November 27, 2022
Is it possible to fly without gravity inside the Earth's atmosphere?

Is it possible to fly without gravity inside the Earth’s atmosphere?

You don’t have to go to space to know how an astronaut feels free from Earth’s gravity. It is possible to do this with “only” jet aircraft, in ideal conditions for equivalent flights, and with equipment in good condition, not vomiting.

A parabola flight allows you to experience microgravity similar to that of space. The plane takes off until it reaches a safe height in the sky. Then it begins to fly in a zigzag pattern, as if heading up and down different mountains.

The adventure begins as soon as you leave Earth, when the plane takes off at 47 degrees of inclination with respect to the Earth’s surface. To give you an idea, the flight’s commercial take-off does not exceed 20 degrees.

At the end of the first climb, you can feel the microgravity for a few seconds. At half the height of the landing, the opposite happens: everything increases a lot, and it is as if we are nailed to the ground. Then the plane begins a new ascent, and we have another few seconds of weightlessness, followed by a new period of hypergravity.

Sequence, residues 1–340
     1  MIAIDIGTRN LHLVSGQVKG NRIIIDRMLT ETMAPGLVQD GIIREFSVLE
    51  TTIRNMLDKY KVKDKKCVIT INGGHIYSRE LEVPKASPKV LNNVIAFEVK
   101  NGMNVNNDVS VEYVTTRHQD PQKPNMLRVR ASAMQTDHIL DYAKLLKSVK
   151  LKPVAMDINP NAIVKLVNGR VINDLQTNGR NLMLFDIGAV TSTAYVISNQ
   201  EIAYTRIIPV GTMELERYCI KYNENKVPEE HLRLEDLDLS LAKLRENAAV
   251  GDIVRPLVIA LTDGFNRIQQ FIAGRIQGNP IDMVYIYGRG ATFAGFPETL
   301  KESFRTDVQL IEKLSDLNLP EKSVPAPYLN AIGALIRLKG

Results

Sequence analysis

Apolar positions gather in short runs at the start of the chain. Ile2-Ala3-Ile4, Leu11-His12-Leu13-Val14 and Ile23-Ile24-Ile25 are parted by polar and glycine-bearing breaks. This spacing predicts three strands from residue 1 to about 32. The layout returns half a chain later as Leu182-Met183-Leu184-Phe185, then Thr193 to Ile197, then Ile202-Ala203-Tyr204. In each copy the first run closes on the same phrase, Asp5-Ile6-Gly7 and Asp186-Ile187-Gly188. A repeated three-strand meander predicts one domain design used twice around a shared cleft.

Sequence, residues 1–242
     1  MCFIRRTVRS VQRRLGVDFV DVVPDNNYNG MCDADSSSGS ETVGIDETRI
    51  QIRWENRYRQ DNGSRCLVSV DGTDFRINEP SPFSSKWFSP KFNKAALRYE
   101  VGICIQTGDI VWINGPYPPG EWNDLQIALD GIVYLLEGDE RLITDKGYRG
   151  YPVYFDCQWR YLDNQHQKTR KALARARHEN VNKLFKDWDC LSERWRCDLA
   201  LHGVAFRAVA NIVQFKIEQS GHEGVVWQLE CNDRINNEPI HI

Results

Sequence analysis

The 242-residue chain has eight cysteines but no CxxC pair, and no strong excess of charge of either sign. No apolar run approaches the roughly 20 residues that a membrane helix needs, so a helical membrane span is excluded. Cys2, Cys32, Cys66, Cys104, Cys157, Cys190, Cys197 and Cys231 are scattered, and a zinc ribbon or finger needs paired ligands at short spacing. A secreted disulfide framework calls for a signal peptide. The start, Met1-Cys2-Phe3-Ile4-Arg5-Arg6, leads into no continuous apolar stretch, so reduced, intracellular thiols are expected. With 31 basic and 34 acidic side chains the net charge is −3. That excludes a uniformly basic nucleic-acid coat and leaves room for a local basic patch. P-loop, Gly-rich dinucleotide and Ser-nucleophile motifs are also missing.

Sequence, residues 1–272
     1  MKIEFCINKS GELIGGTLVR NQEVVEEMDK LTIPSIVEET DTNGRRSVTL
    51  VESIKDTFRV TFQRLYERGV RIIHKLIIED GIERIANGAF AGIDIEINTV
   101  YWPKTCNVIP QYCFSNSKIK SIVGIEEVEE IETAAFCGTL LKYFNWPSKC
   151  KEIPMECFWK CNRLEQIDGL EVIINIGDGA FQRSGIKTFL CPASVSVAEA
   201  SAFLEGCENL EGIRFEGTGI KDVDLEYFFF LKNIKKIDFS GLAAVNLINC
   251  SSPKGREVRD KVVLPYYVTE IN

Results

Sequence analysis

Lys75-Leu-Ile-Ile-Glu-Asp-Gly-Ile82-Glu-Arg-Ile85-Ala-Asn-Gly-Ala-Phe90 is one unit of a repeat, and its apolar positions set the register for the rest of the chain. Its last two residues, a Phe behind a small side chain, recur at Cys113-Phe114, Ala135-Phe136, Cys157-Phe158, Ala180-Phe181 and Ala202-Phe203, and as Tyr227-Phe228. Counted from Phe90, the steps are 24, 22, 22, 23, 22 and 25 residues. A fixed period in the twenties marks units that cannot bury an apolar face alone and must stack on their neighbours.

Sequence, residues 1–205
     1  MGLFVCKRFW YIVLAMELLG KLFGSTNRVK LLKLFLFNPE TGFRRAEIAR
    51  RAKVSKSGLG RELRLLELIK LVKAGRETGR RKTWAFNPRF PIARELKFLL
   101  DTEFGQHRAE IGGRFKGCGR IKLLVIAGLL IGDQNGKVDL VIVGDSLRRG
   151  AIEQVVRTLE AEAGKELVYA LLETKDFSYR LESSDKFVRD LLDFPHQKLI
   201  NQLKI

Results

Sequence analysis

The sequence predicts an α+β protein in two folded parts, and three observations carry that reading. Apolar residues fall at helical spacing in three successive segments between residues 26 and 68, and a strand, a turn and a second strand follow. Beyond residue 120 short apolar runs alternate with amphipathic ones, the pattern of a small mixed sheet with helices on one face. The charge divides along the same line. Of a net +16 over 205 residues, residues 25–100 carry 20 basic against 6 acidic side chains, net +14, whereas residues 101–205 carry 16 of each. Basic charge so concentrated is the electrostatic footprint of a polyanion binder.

Parabolic flights are beginning to be used to research microgravity – it’s cheaper than sending a search to a space station, for example. Today, there are companies that implement these types of Travel just for fun.

And it’s not just pocket fun: A ride like this in a modified Boeing 727 costs at least $5,000 USD per person.

Before take off, all passengers are required to take an anti-nausea medication. Those who have a strong stomach and enjoy the ride say they feel like they’re in a deep pool, just without water. It is also difficult to stand in the absence of gravity: people usually float as if sitting on invisible chairs.

SOURCES: Mauricio Pazini Brandão, Aeronautical Engineer at the Technological Institute of Aeronautics (ITA), São José de Campos (SP), Tice Rossumano (PhD Professor in Astrophysiology – King’s College London and Coordinator of the Center for Microgravity at PUC-RS), Guinness World Records and the websites of Embraer, Airbus and Zero G.